Had the district court labeled his contempt order as criminal rather than civil, the interests of the government undoubtedly would have been represented on this appeal. The question whether the district court could have held New Jersey Transit summarily in criminal contempt for alleged misconduct committed "in the presence of the court" then could have been debated. See United States v. Wilson, 421 U.S. 309, 95 S.Ct. 1802, 44 L.Ed.2d 186 (1975); United States v. Martin-Trigona, 759 F.2d 1017, 1024-26 (2d Cir.1985). So also could the questions whether New Jersey Transit had been informed adequately that it was being tried for criminal contempt, Harris v. United States, 382 U.S. 162, 164-67, 86 S.Ct. 352, 353-55, 15 L.Ed.2d 240 (1965); Fed.R.Crim.P. 42(b), and whether the district court used the proper test for a finding of criminal contempt, i.e., proof beyond a reasonable doubt, Matter of Kitchen, 706 F.2d 1266, 1271 (2d Cir.1983); In re Weiss, supra, 703 F.2d at 662.
We could, of course, vacate the district court's order and remand to that court for further proceedings. However, because the law of this Circuit so clearly precludes a finding of criminal contempt under the facts of this case, we see no need for such further proceedings. In Kothe v. Smith, 771 F.2d 667 (2d Cir.1985), we reversed a contempt fine levied against a defendant for failure to make a pretrial settlement offer in an amount recommended by the district judge and for which the case was settled after one day of trial. We held that "[a]lthough the law favors the voluntary settlement of civil suits, it does not sanction efforts by trial judges to effect settlements through coercion." Id. at 669 (citations omitted). In an apparent effort to avoid conflict with Kothe, the district judge here refrained from naming a specific figure but directed instead that the defendant make a "bonafide" offer. In so doing, the district judge avoided one error by committing another.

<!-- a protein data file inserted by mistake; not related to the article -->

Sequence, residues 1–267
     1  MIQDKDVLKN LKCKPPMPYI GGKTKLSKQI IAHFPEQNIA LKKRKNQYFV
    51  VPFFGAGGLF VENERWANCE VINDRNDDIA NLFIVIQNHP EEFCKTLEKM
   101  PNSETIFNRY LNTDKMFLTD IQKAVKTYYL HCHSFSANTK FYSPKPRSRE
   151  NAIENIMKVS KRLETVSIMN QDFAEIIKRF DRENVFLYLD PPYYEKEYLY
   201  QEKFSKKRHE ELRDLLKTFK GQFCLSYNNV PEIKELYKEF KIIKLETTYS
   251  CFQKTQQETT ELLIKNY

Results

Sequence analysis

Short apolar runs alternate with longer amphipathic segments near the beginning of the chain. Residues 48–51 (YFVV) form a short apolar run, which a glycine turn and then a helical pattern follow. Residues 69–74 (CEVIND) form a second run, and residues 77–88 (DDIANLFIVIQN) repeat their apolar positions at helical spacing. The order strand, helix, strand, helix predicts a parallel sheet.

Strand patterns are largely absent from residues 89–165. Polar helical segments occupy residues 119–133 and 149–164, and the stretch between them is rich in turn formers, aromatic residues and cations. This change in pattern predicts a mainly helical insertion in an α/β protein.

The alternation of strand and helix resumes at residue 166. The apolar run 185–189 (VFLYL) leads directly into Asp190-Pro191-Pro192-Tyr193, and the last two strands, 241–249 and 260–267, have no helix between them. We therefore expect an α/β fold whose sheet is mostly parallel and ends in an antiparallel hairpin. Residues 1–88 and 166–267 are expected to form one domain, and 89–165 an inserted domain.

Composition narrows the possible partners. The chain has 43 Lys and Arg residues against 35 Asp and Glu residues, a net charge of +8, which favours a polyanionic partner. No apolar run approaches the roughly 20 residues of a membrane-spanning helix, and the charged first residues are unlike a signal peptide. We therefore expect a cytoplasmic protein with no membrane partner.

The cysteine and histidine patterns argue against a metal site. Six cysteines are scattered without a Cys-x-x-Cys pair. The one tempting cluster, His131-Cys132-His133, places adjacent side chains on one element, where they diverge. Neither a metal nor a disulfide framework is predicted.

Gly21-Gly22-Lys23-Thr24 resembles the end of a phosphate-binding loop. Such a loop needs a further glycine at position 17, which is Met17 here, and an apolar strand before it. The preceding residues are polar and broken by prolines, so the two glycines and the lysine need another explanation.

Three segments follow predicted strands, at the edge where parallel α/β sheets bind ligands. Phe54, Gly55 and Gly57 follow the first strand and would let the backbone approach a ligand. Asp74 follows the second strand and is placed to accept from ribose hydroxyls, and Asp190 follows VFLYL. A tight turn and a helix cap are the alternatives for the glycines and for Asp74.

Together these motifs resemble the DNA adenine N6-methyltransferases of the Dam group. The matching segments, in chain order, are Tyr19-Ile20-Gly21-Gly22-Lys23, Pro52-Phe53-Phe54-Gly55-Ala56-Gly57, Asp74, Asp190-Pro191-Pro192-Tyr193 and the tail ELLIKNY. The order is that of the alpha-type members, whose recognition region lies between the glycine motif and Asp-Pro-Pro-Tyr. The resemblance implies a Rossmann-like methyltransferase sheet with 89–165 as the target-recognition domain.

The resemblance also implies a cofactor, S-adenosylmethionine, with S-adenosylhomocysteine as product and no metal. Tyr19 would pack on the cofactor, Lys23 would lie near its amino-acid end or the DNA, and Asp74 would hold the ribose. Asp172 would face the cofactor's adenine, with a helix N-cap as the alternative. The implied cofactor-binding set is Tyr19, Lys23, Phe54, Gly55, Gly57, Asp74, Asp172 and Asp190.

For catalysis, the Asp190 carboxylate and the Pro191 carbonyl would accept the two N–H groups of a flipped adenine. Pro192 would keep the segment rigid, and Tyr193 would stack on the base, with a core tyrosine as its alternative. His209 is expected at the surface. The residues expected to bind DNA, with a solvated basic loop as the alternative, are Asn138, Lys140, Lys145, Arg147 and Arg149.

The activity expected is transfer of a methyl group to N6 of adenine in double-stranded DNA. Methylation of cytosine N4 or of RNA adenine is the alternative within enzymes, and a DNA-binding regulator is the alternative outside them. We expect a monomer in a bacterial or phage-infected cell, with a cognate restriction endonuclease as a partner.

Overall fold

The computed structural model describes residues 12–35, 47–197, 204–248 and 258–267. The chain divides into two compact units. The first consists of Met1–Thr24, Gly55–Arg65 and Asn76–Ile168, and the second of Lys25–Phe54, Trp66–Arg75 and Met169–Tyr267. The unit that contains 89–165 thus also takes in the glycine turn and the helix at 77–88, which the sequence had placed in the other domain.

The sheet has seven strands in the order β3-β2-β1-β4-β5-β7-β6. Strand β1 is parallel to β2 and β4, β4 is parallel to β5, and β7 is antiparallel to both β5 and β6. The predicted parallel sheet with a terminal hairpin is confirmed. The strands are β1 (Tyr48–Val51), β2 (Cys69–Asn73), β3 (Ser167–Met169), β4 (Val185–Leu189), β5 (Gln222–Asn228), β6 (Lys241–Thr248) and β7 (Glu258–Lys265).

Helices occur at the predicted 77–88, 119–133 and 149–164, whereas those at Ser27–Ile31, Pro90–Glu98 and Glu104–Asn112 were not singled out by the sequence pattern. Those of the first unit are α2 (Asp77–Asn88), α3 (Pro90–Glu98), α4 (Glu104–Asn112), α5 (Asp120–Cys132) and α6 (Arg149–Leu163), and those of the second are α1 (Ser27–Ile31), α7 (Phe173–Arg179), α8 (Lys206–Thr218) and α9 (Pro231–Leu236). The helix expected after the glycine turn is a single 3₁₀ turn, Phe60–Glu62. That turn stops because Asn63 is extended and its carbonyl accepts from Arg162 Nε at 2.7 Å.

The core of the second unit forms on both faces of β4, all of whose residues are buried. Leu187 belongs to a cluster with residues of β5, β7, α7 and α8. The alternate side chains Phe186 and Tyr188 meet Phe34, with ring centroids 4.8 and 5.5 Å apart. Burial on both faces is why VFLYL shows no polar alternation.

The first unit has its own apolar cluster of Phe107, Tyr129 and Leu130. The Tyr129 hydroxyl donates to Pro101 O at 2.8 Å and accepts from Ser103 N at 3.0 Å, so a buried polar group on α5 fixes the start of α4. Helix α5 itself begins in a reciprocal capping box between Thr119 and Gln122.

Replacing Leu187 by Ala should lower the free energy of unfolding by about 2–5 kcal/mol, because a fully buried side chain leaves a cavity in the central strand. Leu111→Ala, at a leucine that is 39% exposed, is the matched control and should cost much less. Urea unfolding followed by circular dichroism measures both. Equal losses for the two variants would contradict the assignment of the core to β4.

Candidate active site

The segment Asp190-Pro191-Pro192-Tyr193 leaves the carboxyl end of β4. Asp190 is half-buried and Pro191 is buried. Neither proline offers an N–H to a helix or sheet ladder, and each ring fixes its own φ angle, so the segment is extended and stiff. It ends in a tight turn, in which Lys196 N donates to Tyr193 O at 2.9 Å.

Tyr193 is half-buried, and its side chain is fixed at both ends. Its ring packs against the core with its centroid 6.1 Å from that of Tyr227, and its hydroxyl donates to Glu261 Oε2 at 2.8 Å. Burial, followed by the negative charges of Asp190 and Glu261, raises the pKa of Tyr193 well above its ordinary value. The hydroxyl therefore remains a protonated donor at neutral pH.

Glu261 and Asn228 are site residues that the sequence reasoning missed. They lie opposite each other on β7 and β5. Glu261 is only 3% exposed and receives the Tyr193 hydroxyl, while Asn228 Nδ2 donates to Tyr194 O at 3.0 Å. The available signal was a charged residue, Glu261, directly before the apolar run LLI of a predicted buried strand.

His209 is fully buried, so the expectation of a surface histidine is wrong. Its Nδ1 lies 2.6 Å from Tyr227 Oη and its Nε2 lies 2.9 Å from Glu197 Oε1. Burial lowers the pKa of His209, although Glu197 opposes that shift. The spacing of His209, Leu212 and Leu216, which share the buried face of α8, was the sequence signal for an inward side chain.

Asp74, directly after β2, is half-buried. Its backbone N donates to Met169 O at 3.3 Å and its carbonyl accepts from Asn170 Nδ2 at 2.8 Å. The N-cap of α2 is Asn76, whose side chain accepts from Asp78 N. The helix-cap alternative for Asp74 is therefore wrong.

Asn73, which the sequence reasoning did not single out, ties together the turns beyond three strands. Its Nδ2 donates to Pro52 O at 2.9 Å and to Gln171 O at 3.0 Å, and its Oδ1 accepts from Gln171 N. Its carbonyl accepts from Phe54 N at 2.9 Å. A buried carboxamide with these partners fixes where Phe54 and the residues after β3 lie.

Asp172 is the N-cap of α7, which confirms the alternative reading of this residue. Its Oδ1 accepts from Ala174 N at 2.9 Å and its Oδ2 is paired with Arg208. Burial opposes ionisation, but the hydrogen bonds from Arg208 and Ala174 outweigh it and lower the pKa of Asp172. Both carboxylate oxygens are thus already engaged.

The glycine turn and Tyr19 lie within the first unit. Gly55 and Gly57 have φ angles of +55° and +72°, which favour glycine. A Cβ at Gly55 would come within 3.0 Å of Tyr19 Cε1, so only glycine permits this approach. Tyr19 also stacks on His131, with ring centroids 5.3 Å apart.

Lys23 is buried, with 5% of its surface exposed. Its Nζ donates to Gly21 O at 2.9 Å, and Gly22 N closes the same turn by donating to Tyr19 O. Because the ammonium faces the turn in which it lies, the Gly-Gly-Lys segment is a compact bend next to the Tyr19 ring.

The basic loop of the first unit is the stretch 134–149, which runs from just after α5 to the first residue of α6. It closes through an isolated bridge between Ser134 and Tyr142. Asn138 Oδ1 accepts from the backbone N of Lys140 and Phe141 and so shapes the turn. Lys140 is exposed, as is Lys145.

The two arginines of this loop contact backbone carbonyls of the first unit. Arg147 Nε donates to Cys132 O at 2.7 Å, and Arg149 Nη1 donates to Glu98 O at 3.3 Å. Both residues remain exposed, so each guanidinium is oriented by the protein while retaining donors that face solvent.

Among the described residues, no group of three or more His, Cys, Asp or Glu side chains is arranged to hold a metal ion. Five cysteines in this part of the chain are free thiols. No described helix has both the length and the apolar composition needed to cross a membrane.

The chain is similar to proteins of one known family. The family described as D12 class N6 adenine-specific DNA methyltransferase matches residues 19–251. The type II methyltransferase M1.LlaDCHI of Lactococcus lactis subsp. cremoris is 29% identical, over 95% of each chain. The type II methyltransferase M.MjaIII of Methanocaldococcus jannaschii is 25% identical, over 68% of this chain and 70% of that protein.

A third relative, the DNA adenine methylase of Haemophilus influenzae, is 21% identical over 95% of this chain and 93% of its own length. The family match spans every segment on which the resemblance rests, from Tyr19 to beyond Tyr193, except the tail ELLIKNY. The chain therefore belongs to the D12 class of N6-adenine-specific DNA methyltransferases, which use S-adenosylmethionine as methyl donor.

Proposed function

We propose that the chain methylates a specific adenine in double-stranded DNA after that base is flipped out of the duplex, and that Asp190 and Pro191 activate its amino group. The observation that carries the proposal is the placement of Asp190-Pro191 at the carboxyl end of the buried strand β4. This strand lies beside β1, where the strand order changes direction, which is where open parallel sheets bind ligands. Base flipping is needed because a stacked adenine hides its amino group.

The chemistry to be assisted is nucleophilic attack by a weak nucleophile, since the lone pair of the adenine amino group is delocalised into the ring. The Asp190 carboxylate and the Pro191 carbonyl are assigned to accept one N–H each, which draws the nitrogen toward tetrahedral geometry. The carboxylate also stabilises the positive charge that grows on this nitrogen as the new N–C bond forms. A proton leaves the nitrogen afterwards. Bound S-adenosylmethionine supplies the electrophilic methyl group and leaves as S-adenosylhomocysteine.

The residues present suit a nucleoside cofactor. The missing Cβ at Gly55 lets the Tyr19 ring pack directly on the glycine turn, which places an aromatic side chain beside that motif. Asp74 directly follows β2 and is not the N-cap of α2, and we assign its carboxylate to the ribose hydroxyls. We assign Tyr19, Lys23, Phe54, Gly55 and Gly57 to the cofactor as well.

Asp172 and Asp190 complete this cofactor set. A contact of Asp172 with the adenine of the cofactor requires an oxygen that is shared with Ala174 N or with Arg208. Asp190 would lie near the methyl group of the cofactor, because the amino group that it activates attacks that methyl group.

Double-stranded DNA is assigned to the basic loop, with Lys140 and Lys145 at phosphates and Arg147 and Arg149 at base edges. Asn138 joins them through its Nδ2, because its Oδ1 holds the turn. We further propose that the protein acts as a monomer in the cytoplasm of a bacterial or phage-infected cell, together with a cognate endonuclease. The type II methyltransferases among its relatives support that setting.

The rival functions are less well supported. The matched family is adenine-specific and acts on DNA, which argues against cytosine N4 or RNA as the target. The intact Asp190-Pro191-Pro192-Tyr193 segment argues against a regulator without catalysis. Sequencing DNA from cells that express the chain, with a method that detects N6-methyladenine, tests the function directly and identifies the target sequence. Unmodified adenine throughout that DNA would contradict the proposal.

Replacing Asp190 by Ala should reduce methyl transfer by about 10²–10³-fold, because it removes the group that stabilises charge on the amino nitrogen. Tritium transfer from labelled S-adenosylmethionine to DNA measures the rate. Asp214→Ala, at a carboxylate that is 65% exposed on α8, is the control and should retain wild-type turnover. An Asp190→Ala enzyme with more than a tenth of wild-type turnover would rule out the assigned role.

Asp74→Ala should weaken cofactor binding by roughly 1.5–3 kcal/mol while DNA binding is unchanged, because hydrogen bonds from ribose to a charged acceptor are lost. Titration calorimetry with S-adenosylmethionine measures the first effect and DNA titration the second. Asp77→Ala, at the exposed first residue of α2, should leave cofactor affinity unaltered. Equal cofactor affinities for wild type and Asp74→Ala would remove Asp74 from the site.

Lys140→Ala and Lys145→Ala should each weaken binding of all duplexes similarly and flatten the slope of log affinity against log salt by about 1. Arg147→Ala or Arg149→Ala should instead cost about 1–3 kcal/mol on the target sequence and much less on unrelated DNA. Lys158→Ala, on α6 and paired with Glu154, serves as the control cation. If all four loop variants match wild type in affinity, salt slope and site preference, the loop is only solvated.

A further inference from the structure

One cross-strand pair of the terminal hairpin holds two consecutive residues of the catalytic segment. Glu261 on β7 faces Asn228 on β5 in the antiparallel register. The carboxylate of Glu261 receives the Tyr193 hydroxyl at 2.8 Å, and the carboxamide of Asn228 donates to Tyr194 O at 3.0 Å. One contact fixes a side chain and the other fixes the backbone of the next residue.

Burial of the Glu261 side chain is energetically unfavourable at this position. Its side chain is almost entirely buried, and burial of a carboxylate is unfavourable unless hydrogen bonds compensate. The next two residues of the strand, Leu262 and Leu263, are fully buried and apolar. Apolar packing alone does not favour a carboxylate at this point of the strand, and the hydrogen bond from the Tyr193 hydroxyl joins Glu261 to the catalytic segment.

No one may be held in contempt for violating a court order unless the order is clear and specific and leaves no uncertainty in the minds of those to whom it is addressed. International Longshoremen's Ass'n v. Philadelphia Marine Trade Ass'n., 389 U.S. 64, 76, 88 S.Ct. 201, 208, 19 L.Ed.2d 236 (1967); Powell v. Ward, 643 F.2d 924, 931 (2d Cir.), cert. denied, 454 U.S. 832, 102 S.Ct. 131, 70 L.Ed.3d 111 (1981). Because criminal contempt is a crime, a public wrong punishable by fine or imprisonment or both, Bloom v. Illinois, 391 U.S. 194, 201, 88 S.Ct. 1477, 1481, 20 L.Ed.2d 522 (1968), In re Weiss, supra, 703 F.2d at 662, the requirement of certainty is especially applicable to orders whose violation subjects the perpetrator to criminal contempt proceedings. See, e.g., United States v. Joyce, 498 F.2d 592, 595-96 (7th Cir.1974), where the Court held that an order requiring appellant to use "his best offices" was improperly vague and ambiguous.
The phrase "bonafide offer of settlement" is as vague and imprecise as the phrase condemned by the Joyce Court. "Bonafide in its accepted meaning is good faith without fraud or deception; that is, good faith and honesty as distinguished from bad faith." M. Lowenstein & Sons, Inc. v. British-American Mfg. Co., 7 F.2d 51, 53 (2d Cir.1925). Applying this definition, even with the benefit of hindsight, we are unable to determine how much New Jersey Transit was required to offer in response to plaintiff's $150,000 demand in order to avoid a finding of bad faith. Because the district court apparently based the $1,000 fine upon the cost of a 3-day trial despite the defendant's offer of $50,000 on the first day, it may be that, in the opinion of the district judge, $50,000 was not a "bonafide" offer. This we do not know. If the district judge had a figure in mind, he wisely refrained from telling New Jersey Transit what it was. Kothe v. Smith, supra, 771 F.2d at 670; see Del Rio v. Northern Blower Co., 574 F.2d 23, 26 (1st Cir.1978). On the other hand, the district court should not have placed the company in criminal jeopardy by forcing it to guess what the court meant by the phrase "bonafide offer."
We remand to the district court with instructions to vacate the judgment. No costs on appeal are awarded.